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Morning Announcements: October 12, 2010

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October 12, 2010 04:29 pm


MorningOn Sunday, 16 school district chiefs, including New York’s Joel Klein and Washington’s Michelle Rhee published a manifesto entitled how to fix our schools in the Washington Post.

The Associated Press reports on a new analysis that finds states appropriated almost $6.2 billion for four-year colleges and universities between 2003 and 2008 to help pay for the education of students who didn’t return for year two.

In an op-ed in the Charlotte Observer, Erskine Bowles, outgoing president of the University of North Carolina system, writes, “Ineffective teaching hurts our students – and ultimately, it hurts all of us” and points to the Charlotte-Mecklenburg Schools as an example of best practices.

On Monday, the Bill & Melinda Gates Foundation announced the creation of a program that will provide grants to organizations to expand the reach of their education technology initiatives. Education Week blogger Ian Quillen reports that the Next Generation Learning Challenges program is releasing its first in a series of requests to solicit funding proposals for technology initiatives, with the first round focused specifically on postsecondary education.

Washington Post reporter Bill Turque speculates what’s next for Michelle Rhee. Also on this page is video of Washington Post editorial board member Jo-Ann Armao interviewing Rhee about the future of her position, her greatest regret and accomplishment and what she thinks of her portrayal as a “superwoman” in the documentary “Waiting for Superman.”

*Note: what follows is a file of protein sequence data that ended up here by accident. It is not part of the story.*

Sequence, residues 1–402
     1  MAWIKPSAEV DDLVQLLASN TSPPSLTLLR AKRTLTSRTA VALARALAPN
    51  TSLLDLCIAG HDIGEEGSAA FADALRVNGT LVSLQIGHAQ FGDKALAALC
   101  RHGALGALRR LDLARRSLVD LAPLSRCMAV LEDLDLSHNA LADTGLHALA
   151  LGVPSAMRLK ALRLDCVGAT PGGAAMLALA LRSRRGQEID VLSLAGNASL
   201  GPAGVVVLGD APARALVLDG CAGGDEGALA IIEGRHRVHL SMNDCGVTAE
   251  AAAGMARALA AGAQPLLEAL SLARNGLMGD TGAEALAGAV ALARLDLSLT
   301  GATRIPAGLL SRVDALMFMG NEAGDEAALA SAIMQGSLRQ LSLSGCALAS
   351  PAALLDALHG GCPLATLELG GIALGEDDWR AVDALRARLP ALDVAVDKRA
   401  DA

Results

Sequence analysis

Jennifer Medina of the New York Times takes a look at New York’s standardized English and math tests, reporting “But evidence had been mounting for some time that the state’s tests, which have formed the basis of almost every school reform effort of the past decade, had serious flaws.”

In Colorado, the nonprofit Colorado Succeeds released a report calling for the state to adopt specific education reforms that Florida under Gov. Jeb Bush put in place over the past decade.

The Pittsburgh Tribune-Review reports that Pennsylvania is considering legislation that would establish a 19-member task force to develop a statewide educational foundation for homeless children as well as a network of support services.

The Charleston Gazette reports that in order to compete in the global economy, West Virginia needs to at least reach the national average of 51 percent of adults having two- or four-year college degrees.


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